General anaesthesia was induced by the IV route with propofol and fentanyl and maintained with oxygen–air–sevoflurane–remifentanil anaesthesia. Neuromuscular blockade was achieved with either atracurium or rocuronium. Remifentanil was dosed on ideal body weight, and standard adult dosages (70 kg patient) were used for all other drugs. An Oxford pillow and a difficult intubation trolley were immediately available in the anaesthetic room during induction. Intubation was carried out in a slightly head-up position, and management of the unanticipated difficult airway was planned as per the Difficult Airway Society guidelines.[10] After induction of anaesthesia, the patients were changed over to Lloyd-Davies position. A nonslip mattress (vacuum positioned bean bag) was moulded around the patients using suction, and shoulder supports were used to prevent patient slippage in the steep Trendelenburg position. A tilt test was performed in the anaesthetic room to the maximum Trendelenburg position of 27° and held for 15–30 s to ensure no patient slippage was evident. The patients were returned to the supine position before transfer to the operating room.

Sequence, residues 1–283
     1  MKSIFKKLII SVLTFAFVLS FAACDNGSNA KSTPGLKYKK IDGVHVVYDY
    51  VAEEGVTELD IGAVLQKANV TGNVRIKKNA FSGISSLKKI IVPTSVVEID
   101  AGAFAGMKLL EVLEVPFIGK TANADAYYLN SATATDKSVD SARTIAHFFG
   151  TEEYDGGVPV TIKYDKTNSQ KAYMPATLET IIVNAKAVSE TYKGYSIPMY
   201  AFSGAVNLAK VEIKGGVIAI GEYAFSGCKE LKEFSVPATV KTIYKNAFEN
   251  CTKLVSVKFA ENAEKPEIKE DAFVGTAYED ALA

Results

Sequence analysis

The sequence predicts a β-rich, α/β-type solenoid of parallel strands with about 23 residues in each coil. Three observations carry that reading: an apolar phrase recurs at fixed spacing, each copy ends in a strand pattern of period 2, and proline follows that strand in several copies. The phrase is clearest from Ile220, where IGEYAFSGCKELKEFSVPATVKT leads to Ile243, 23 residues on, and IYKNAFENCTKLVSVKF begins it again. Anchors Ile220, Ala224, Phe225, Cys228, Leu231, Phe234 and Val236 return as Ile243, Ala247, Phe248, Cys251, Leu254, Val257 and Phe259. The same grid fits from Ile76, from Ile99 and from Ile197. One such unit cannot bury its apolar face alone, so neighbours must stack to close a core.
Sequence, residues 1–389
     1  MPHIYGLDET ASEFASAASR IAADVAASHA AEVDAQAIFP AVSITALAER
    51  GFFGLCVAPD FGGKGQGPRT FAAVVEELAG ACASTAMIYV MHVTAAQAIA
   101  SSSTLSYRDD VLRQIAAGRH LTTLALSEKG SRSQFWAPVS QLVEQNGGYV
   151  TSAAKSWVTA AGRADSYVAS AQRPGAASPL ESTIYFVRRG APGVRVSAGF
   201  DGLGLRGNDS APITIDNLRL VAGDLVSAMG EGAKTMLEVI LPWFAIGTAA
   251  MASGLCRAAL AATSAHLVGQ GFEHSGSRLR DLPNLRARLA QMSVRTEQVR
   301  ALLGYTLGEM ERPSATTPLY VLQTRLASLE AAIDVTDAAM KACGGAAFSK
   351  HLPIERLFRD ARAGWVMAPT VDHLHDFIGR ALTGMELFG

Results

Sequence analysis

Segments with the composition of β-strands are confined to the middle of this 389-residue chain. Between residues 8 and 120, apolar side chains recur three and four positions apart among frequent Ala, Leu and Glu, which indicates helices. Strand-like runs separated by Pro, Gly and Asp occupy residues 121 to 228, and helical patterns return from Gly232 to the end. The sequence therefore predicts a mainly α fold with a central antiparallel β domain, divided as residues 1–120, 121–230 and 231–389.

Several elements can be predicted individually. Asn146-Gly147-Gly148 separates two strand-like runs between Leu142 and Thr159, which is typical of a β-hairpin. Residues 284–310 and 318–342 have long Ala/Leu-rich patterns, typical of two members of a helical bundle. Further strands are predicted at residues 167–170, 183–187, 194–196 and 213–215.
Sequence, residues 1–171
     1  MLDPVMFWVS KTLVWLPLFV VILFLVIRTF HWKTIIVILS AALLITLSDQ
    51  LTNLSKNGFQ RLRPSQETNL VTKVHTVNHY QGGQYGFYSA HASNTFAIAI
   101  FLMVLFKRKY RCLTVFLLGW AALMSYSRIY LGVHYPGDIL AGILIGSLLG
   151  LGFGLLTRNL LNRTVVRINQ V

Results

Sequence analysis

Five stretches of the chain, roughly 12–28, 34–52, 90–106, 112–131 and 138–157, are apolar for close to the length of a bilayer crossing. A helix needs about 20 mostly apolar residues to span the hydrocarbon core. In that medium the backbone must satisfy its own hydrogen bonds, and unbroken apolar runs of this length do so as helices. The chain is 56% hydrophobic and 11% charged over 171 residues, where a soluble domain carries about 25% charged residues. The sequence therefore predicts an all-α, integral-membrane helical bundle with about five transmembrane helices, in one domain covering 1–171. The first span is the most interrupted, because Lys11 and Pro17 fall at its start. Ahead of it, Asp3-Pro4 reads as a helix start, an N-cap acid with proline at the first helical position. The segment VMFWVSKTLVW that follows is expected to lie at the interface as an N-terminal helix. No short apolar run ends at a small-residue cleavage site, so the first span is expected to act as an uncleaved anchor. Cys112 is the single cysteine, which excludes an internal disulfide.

After establishing a pneumoperitoneum, four to five intra-abdominal trocars were inserted and steep Trendelenburg position between 22° and 26° was used. The robotic arms were connected to the trocars (docked) and surgery commenced. The initial intra-abdominal pressure limit was set to 20 mmHg and reduced to 8–12 mmHg at the onset of surgery. Volume- or pressure-controlled ventilation was used to maintain targeted peak airway pressures less than 40 cmH2O and end tidal CO2 less than 45 mmHg.